The American Kennel Club (AKC) is the only not-for-profit purebred dog registry devoted to the health and wellbeing of all dogs. As the leading expert on purebred dogs and responsible dog breeding in the United States, the AKC expects breeders to give careful consideration to health issues, temperament, and genetic screening as well as to careful placement of puppies in appropriate homes. As a not-for-profit organization, we demonstrate our dedication to dogs and responsible dog ownership through a variety of educational programs, the AKC Humane Fund, more than $24 million dollars in donations given to canine health research through the AKC Canine Health Foundation, and by conducting thousands of kennel inspections each year of breeders who register their dogs with the AKC.
The AKC supports strong enforcement of the Animal Welfare Act (AWA) and cruelty and negligence laws that exist in all 50 states. We share regulators’ concerns about substandard Internet puppy sellers. We do not oppose the concept of regulating high-volume breeder-retailers. However, two current controversial measures designed to improve the wellbeing of dogs by amending definitions in the AWA are not only unlikely to address the substandard conditions of facilities currently operating illegally, they also would devastate some of America’s most responsible small/hobby breeders. If these measures advance as currently proposed, it would do irreparable damage to the future of responsibly-bred purebred dogs as family pets.
PUPS bill (S. 395/H.R. 847): Reasonable Fixes Could Avoid Devastating Unintended Consequences
Although designed to regulate Internet sales of puppies, this bill was written so broadly that it would require anyone whoshares an ownership interest in a few female dogs that produce 50 or more puppies offered for sale in a year to be subject to USDA dog dealer regulations regardless of whether they personally maintain or breed those dogs.
These requirements were designed for high-volume commercial kennels that maintain dogs and produce puppies for wholesale, and require a USDA commercial license, maintenance of specified commercial kennel engineering standards and regular inspections. They are not appropriate for pet owners or small breeders who keep only a few dogs in their homes and individually breed significantly fewer than 50 puppies a year.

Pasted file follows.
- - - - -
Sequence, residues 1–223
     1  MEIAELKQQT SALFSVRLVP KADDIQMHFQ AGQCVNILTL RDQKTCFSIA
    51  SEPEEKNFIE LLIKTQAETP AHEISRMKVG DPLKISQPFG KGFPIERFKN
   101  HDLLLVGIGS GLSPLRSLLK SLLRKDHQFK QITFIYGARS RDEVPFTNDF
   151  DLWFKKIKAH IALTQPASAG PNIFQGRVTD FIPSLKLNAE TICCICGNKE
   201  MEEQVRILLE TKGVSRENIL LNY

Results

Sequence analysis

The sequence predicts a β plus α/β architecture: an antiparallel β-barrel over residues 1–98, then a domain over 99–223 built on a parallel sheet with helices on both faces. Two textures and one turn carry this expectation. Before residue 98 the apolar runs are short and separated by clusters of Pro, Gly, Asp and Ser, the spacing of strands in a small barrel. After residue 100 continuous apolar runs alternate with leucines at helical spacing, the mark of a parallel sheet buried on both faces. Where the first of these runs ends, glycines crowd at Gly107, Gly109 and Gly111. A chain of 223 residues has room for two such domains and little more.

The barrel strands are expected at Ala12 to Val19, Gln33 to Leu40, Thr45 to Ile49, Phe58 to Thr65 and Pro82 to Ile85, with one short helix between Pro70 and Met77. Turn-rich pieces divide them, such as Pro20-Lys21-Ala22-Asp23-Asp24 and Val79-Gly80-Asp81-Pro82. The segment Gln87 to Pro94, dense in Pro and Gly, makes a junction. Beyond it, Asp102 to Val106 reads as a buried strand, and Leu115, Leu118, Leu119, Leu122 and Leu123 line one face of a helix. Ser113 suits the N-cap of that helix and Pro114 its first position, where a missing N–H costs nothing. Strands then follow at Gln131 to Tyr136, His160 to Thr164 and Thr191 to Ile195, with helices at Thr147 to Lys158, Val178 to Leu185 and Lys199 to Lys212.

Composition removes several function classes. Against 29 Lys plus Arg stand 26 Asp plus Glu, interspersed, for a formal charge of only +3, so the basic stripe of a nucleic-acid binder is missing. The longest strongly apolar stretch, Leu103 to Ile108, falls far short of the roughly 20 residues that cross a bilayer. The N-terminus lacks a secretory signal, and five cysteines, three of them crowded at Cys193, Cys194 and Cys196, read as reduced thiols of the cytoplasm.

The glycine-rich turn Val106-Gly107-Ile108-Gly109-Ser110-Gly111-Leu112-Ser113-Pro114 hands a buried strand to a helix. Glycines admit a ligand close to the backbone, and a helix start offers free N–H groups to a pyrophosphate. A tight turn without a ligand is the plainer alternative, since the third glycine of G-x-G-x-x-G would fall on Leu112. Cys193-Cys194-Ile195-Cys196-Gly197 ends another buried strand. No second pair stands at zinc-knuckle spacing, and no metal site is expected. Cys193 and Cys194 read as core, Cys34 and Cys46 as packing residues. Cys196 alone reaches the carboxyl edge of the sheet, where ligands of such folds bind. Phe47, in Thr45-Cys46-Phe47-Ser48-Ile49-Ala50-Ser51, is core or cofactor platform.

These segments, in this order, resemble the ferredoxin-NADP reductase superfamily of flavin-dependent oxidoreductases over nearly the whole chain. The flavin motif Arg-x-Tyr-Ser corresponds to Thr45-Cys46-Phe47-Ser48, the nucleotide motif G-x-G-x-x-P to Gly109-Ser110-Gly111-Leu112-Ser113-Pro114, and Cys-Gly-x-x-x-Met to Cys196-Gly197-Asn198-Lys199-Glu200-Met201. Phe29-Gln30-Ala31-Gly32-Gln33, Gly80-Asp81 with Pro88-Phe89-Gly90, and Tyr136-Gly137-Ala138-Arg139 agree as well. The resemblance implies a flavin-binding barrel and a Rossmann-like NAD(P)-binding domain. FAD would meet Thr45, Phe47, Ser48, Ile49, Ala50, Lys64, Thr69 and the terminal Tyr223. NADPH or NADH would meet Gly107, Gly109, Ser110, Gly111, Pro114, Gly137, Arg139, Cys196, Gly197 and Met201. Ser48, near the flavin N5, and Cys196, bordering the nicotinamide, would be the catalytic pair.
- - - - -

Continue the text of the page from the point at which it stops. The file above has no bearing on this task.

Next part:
AKC is concerned that the measure’s overly broad definition does not take into account co-and joint ownership relationships common among dog owners, dog show participants, hunting club members, sporting dog trainers and other hobbyists. It would hurt many responsible small hobby breeders who maintain only a few dogs in their homes by subjecting them to commercial standards of regulation as a result of joint or co-ownership agreements. Moreover, it would force many responsible hobby/small breeders to move their pets from a home setting into an industrial or commercial environment. Many responsible breeders would give up breeding before placing dogs into an environment that they do not believe is in the best interest of their dogs. AKC believes a better option is to strike ownership language; and simply define high volume retail dog breeder as an individual that breeds and sells more than 50 puppies a year.
Another concern is the definition of a "breeding female" as an intact female dog aged 4 months or older. This is misleading and implies that a female dog may be bred at 4 months. Female dogs are not sufficiently mature at 4 months of age to be bred. AKC believes this should be struck from the bill. It is misleading and not relevant to the rest of the measure.
Current requirements for daily exercise would prohibit exercise that is "solitary", "repetitive" and "goal oriented". This would include reasonable, standard and common forms of exercise such as field training, retrieving/games of fetch, or monitored exercise on a lead or treadmill. AKC suggests removing these types of activity from prohibitions on acceptable exercise.